Future visions for health and social care

| No responses | Posted by: Dr Charlotte Heales | Theme: Health & Wellbeing, Research, Social Innovation & Investment

On the 22nd of February the Young Foundation opened its doors to experts on health and social care innovation from across the world in order to help understand:

  • How can we build health systems for the future?
  • How can policy help to do this?

The session took place as part of the EU-funded SI DRIVE project, in collaboration with our partners at AIT from Austria and TNO from the Netherlands. Together with the participants we explored global goals for social innovation in health and social care and methods for getting us where we want to be.

With a diverse range of stakeholders, from funders to practitioners, in the room, the event yielded lively conversation and debate. What emerged were a number of key themes including:

  1. The need to build care systems that go beyond our traditional definitions of health and social care and put the wellbeing of people at their centre. Participants frequently spoke about embedding new cultures at all levels including: citizens, practitioners and policy makers. We should build society around people. By thinking about people as both contributors to, as well as beneficiaries of, community wellbeing we can start to create societies where the demands facing health and social care can more easily be tackled. In particular home and city planning was highlighted as an area where long-term health needs require greater attention and integration.
  1. There is a need to understand how social innovation principles can be applied to different societies. The event brought together participants with experiences of contexts well beyond the EU, including South Africa and China. These contexts are clearly very different from those of many EU countries, particularly in terms of policies and demands. It became clear that these different contexts are instrumental in how different innovations develop and progress. However, there are also still commonalities across contexts, in particular how social innovators can work to overcome barriers to innovation and the need to engage with policy makers and achieve their ‘buy-in’.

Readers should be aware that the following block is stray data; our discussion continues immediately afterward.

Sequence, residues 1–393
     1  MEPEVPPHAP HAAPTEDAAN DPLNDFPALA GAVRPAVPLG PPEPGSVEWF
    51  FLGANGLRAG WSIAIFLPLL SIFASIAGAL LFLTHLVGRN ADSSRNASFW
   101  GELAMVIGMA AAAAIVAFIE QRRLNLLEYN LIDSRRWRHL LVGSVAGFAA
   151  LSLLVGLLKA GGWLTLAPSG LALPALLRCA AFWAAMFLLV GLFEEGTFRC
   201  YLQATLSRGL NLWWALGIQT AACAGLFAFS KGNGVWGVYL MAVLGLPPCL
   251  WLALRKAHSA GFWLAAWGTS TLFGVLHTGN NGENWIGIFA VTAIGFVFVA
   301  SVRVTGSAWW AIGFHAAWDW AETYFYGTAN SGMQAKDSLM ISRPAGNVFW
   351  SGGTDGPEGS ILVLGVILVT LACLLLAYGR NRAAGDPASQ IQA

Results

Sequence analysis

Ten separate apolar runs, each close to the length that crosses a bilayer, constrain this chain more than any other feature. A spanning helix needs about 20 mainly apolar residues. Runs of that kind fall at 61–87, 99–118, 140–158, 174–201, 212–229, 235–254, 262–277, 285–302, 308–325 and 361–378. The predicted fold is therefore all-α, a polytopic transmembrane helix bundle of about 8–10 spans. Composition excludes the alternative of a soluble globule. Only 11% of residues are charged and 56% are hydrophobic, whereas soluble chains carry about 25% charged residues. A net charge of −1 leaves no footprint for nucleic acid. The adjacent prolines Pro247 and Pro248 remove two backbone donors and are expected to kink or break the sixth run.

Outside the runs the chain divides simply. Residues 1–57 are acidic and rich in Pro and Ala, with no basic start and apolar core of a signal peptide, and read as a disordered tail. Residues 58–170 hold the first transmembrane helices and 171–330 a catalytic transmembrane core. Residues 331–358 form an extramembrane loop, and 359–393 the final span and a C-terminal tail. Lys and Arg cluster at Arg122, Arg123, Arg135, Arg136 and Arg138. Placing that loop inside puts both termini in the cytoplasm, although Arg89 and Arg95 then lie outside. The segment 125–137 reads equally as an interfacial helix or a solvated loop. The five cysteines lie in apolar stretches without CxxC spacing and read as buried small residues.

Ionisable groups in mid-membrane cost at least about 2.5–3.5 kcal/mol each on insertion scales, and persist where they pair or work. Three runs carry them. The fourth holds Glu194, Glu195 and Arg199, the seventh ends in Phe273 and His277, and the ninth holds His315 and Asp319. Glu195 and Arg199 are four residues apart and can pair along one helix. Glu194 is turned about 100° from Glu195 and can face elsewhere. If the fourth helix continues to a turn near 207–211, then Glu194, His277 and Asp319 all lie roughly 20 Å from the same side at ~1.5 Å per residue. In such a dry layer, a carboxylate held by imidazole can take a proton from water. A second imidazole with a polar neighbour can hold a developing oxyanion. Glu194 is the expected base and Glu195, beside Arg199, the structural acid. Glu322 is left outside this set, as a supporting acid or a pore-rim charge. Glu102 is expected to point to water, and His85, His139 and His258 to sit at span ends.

1. Policy makers should look to the multitude of ways they can support social innovation, beyond funding. Whilst lack of funding, and particularly ‘follow-on’ funding, is an ever-present threat to innovation, there are a number of policy instruments, beyond this, that could help to stimulate innovation in this field. Policy makers can do a number of other things including working to address the timelines that social innovators have to meet, addressing the need for social innovators to demonstrate high impacts quickly, regulatory restrictions and providing safe spaces for people to innovate.
  1. There is clear scope for broader utilisation of the tools and methods of social innovation. The need for cultural change was a strong theme from the event. To bring this about there is the need for a greater embedding not just socially innovative ‘programmes’ but socially innovative practices, across the health system. This includes the need for a greater utilisation of co-design methodologies and the incentivising of approaches that bring together ‘unusual suspects’ and breaking down the silo’s that people work within.

This event will contribute towards the in-depth work that the Young Foundation, and the SI DRIVE project, is doing around health and social care innovation. It will help us to develop the next in our series of ‘SI DRIVE policy briefs’. If you would like to know any more about this event then please contact Charlotte Heales at charlotte.heales@youngfoundation.org

SI DRIVE is a project designed to help understand the relationship between social innovation and social change and the Young Foundation lead the work package on health and social care. If you would like to find out more about this project further information is available on the SI DRIVE website: https://www.si-drive.eu/.

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